Why Heavy Weight Lifting Workouts Can Lead To Numerous Muscle Injuries

Many weight lifters believe that using extremely heavy weights for their weight training workout sessions will produce superior results when compared with a lighter weight workout philosophy, and this idea is correct. Heavy weight and low rep weight lifting sessions do produce larger, more dense looking muscles, so it’s no shock that most who achieve muscle building success perform at least a portion of their weight lifting workouts using a lower rep range.

Yet, the problem for many weight lifters is that their desire for low rep weight training exercise sessions far too often causes them to sacrifice proper weight lifting form, which can lead to severe injury. If a legitimate study were conducted, I would not be amazed to learn that the majority of those who experience weight lifting injuries are using incorrect form during their workouts, which causes muscles to function in awkward ways, resulting in muscle tears and strains. In fact, muscle gains are maximized only if consistent weight training can be maintained for an extended time frame, and many find themselves taking unplanned vacations from their weight lifting workouts due to injuries occurring due to improper weight training form.

The desire is strong to abandon strict form in order to enhance weight used for a particular weight training exercise, especially when using low reps and heavy weight during a weight lifting workout session, and when a weight lifter does not immediately correct such behavior, he or she will soon modify weight lifting form to the point where the exercise is no longer safe, and severe injury is likely to occur.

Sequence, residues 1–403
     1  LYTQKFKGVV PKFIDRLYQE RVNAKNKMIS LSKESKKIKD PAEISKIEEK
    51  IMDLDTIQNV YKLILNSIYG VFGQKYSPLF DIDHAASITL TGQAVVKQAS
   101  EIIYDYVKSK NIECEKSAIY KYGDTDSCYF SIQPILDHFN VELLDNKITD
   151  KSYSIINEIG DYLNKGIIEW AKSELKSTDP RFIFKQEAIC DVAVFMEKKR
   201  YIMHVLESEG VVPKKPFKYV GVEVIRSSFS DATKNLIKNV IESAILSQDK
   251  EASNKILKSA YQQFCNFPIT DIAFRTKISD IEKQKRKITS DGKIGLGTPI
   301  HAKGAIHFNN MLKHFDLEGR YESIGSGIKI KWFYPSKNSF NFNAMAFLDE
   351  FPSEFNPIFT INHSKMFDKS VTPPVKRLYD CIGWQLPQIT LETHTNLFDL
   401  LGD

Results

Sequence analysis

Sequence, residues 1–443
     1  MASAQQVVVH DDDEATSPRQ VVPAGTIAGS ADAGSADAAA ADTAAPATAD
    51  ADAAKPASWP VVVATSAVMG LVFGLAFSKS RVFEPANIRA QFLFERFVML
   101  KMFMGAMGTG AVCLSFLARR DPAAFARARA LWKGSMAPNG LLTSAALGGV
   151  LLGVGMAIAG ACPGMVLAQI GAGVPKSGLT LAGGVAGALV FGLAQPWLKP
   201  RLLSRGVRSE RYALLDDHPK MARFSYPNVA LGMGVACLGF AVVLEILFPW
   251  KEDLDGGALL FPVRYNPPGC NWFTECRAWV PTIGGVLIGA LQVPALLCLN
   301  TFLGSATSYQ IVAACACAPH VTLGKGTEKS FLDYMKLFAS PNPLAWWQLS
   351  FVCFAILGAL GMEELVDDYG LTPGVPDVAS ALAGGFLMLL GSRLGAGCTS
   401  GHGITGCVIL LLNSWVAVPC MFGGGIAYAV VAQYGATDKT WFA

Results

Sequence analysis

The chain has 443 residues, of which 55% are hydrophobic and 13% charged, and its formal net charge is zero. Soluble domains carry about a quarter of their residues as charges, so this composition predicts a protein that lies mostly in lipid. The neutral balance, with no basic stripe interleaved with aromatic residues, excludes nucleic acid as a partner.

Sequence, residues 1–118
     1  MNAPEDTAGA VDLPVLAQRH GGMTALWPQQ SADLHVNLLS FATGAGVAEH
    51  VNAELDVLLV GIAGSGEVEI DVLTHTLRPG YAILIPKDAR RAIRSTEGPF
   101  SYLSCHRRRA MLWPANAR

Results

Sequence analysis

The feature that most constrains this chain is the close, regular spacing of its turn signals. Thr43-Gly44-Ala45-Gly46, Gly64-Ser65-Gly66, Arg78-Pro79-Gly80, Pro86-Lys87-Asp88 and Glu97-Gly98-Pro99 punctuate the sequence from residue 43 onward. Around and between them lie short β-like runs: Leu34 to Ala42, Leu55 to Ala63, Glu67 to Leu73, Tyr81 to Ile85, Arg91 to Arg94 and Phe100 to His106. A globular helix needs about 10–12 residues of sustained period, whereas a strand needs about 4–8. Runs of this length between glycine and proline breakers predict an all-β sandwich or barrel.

What all weight lifters must remember as they pursue maximum muscle building is that the term “heavy” is relative, and proper weight training form is far more important than the weight used in each weight training workout session. Therefore, when you are contemplating adding weight to a bodybuilding exercise, make sure that you are doing so with proper weight training form in mind, adding weight in small increments to avoid using incorrect, awkward weight lifting performance.

If you find yourself altering exercise form to allow for greater weight in a given exercise, then you should reduce the amount of weight used by at least 10-20 pounds, focusing on fostering a connection between your mind and muscles during each set, only increasing weight (in small increments) when you are once again confident that form is 100% correct. It’s simple to become convinced that because you have not added weight for a few exercise sessions that your muscle gain efforts will suffer, when it’s extremely common to stay with the same weight for several workouts while still increasing muscle size. But by using incorrect form to try and increase the amount of weight used in a given weight training exercise, you will actually risk slowing muscle gains in the long run given both the injury potential, and the likelihood of transferring emphasis away from the target muscle group.

Remember that the success of your weight lifting pursuits will be based on how consistent you are able to train, and using improper form with heavy weight will lead to injuries, forcing missed weight training workout sessions, and will impact your overall weight training progress in a negative way.